Understanding variation in contraceptive use across social and demographic characteristics offers potential insight into larger fertility patterns, including birth rates and incidence of unintended pregnancies. The chance that a woman not seeking a pregnancy will have an unintended pregnancy varies by whether any method of contraception is used and which method she or her partner uses (4). Using the most recent NSFG data available, this report provides a snapshot of current contraceptive use among U.S. women aged 15–44 in an effort to increase understanding of contraceptive use.

Definitions

Age: Refers to the respondent’s age at the time of the interview. The recode variable used was AGER.

Contraceptive status: Measures the contraceptive method used (if any) in the month of the interview (not at a specific act of sexual intercourse). The recode variable used was CONSTAT1. In this report, as in prior NSFG reports (3), women who were currently using more than one method are classified by the method that was most effective in preventing pregnancy, because that method has the greatest impact on their risk of unintended pregnancy. For example, women who report using both birth control pills and male condoms in the current month are classified as using birth control pills because pills are more effective at preventing a pregnancy. In 2011–2013, 10.7% of women who were currently using contraception used more than one contraceptive method during the same month.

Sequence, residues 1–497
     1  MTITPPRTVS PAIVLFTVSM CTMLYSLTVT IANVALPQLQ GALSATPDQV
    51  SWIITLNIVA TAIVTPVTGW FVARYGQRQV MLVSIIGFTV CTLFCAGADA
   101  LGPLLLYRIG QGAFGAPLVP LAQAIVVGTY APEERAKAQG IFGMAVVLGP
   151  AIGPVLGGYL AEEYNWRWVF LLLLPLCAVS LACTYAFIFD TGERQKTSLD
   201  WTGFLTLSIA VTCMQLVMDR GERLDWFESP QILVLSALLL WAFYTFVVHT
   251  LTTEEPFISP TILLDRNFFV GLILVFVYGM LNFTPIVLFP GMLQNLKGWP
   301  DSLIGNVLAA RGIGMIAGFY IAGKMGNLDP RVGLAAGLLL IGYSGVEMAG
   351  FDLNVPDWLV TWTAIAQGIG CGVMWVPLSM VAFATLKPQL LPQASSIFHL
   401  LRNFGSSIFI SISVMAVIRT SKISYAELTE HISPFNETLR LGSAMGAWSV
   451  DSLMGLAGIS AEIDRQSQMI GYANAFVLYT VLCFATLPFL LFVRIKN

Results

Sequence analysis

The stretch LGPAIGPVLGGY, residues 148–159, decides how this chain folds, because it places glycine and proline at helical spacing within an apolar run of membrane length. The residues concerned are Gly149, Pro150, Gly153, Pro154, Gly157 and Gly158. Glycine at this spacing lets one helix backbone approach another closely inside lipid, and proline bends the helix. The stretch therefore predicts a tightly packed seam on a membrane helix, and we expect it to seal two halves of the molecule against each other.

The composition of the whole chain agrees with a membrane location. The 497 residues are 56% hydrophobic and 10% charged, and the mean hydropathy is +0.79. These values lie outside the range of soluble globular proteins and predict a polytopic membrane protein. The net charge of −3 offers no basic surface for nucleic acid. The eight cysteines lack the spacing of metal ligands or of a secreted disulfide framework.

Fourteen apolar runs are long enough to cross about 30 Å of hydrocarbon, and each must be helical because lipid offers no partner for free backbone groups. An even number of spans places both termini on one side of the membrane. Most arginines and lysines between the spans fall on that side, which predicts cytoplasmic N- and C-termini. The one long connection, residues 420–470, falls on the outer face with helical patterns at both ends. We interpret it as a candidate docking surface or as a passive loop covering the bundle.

Education: Educational attainment at the time of interview, indicating the highest degree or grade finished. Results are presented only for women aged 22 and over as many younger women had not completed their education (75% of women aged 15–21 were in school at the time of the interview; analysis not shown). The recode variable used was HIEDUC.